Oct 21, 2020 - Economy

Report: Quibi shutting amid pandemic struggles

Photo: Igor Golovniov/SOPA Images/LightRocket via Getty Images

Quibi, the mobile-only video subscription streaming service, is shutting down, The Wall Street Journal reports. The company raised a whopping $1.75 billion to get the app off the ground from Alibaba, as well as Hollywood behemoths like Walt Disney Company, NBCUniversal and AT&T's WarnerMedia.

Why it matters: The company has struggled to hit its subscriber growth targets amid the global pandemic. Sources tell Axios Quibi was running out of cash.

Details: Quibi founder Jeffrey Katzenberg called investors Wednesday to tell them he is shutting the service down, the Journal reports.

  • The company had hired a restructuring firm to evaluate its options in recent weeks, per The Journal. One of the recommendations firm was to close operations.
  • The Information reported on Tuesday that strategy meetings have recently been been cancelled.

The big picture: The app, which launched in April, struggled to attract subscribers amid a streaming boom during the COVID-19 pandemic.

  • Third-party analytics companies reported over the summer that the app only attracted a few million downloads. The company never officially confirmed any paid subscriber numbers, but Katzenberg told The New York Times in May that it saw 3.5 million downloads. Other analytics companies reported that Quibi struggled to convert most of its free trial subscribers to paid subscribers.
  • It also faced a heated patent lawsuit funded by a powerful activist investor over what it considered its flagship technology.
  • Quibi was created to provide short-form video to young users via mobile. Most videos were 7 to 10 minutes in length, but shot both vertically and horizontally. In recent months the company had been experimenting with putting some of that programming on TV screens.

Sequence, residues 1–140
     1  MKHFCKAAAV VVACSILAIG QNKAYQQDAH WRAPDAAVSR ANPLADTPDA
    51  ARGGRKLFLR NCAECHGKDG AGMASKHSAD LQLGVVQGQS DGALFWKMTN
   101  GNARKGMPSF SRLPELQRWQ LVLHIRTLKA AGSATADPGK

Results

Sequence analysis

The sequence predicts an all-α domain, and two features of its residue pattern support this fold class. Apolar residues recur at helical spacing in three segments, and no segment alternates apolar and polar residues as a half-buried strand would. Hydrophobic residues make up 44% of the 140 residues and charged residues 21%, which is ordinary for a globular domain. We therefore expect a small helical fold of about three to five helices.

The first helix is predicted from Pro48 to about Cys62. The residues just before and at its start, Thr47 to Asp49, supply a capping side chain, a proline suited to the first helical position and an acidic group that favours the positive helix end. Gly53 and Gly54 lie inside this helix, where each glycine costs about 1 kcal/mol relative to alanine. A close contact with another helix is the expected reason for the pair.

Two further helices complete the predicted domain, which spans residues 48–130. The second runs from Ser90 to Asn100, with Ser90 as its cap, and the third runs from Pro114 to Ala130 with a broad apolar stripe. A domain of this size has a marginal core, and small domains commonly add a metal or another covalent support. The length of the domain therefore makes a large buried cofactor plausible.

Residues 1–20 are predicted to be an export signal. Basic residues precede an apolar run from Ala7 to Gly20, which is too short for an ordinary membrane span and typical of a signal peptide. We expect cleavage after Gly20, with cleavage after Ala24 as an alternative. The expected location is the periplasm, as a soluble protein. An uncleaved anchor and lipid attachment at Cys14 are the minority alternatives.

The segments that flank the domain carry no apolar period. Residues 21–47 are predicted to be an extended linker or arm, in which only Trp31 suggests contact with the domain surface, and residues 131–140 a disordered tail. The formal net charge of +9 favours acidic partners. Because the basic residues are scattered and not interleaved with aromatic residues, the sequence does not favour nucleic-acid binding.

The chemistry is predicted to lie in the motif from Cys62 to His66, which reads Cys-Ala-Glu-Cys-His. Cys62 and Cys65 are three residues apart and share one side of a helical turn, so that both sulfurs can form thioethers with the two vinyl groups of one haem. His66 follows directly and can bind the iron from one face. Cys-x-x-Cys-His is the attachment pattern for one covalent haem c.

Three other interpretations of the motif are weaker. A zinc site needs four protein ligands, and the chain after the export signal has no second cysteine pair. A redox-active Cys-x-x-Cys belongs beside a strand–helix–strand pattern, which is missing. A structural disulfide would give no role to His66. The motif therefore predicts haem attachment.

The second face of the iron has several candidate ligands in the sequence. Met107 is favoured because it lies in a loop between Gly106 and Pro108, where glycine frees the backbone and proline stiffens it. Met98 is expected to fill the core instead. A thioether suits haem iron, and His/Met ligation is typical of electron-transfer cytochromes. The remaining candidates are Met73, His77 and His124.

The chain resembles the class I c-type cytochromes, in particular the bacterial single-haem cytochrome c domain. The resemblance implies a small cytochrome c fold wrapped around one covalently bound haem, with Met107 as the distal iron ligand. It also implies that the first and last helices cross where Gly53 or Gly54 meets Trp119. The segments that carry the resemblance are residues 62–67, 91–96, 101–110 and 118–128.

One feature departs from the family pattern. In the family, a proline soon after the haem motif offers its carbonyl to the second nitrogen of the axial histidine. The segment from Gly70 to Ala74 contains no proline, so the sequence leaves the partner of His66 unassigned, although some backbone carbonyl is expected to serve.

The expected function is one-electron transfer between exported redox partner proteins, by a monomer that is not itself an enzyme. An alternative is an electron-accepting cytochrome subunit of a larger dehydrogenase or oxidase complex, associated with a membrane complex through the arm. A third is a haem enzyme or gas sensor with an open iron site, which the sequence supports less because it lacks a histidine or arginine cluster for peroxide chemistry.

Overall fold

Between the lines: The company's business model was contingent on having enough subscribers and eyeballs on its content to sell lucrative ads — a similar model to the video subscription streaming service Hulu.

  • Axios reported in March that the company sold out its first year in ads — $150 million in revenue  — ahead of its April 6 launch. That number is fixed via pre-sold ad agreements with 10 companies.
  • Ad partners include big-name marketers like Progressive, Discover, General Mills, Procter & Gamble, AB InBev, Taco Bell, Pepsi, T-Mobile, Google and Walmart.
  • Prior to the service launching, Quibi CEO Meg Whitman told Axios in an interview that she expected the majority of subscribers to chose Quibi's ad-supported plan.

Our thought bubble: Quibi argued that months of stay-at-home lockdowns pushed consumers to TV streaming services and away from mobile-only video. But TikTok, a Chinese-owned short-form video app that's mobile-only, has gained massive traction in that same time, even while facing major regulatory headwinds.

  • Quibi's problem was that it raised a lot of money and couldn't live up to the hype. Its programming never produced any smash hits. And consumers never really embraced its "turnstyle" format, that it billed as revolutionary.

Jeffrey Katzenberg is an investor in Axios.

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